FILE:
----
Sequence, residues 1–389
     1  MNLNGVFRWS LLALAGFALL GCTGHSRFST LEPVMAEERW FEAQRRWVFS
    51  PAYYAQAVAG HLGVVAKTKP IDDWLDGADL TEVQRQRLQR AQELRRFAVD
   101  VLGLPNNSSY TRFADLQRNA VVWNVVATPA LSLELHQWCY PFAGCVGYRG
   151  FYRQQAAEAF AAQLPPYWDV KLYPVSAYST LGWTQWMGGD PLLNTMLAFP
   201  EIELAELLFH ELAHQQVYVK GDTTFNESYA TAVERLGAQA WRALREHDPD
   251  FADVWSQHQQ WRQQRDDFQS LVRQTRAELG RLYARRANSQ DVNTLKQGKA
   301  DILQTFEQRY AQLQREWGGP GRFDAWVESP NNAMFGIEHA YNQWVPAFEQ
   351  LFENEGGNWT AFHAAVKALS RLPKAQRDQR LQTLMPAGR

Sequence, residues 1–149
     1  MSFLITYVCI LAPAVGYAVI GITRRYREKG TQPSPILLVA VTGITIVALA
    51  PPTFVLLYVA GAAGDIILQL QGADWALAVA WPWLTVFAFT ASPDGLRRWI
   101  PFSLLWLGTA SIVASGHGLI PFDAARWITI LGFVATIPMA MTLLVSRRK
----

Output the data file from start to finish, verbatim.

Sequence, residues 1–389
     1  MNLNGVFRWS LLALAGFALL GCTGHSRFST LEPVMAEERW FEAQRRWVFS
    51  PAYYAQAVAG HLGVVAKTKP IDDWLDGADL TEVQRQRLQR AQELRRFAVD
   101  VLGLPNNSSY TRFADLQRNA VVWNVVATPA LSLELHQWCY PFAGCVGYRG
   151  FYRQQAAEAF AAQLPPYWDV KLYPVSAYST LGWTQWMGGD PLLNTMLAFP
   201  EIELAELLFH ELAHQQVYVK GDTTFNESYA TAVERLGAQA WRALREHDPD
   251  FADVWSQHQQ WRQQRDDFQS LVRQTRAELG RLYARRANSQ DVNTLKQGKA
   301  DILQTFEQRY AQLQREWGGP GRFDAWVESP NNAMFGIEHA YNQWVPAFEQ
   351  LFENEGGNWT AFHAAVKALS RLPKAQRDQR LQTLMPAGR

Sequence, residues 1–149
     1  MSFLITYVCI LAPAVGYAVI GITRRYREKG TQPSPILLVA VTGITIVALA
    51  PPTFVLLYVA GAAGDIILQL QGADWALAVA WPWLTVFAFT ASPDGLRRWI
   101  PFSLLWLGTA SIVASGHGLI PFDAARWITI LGFVATIPMA MTLLVSRRK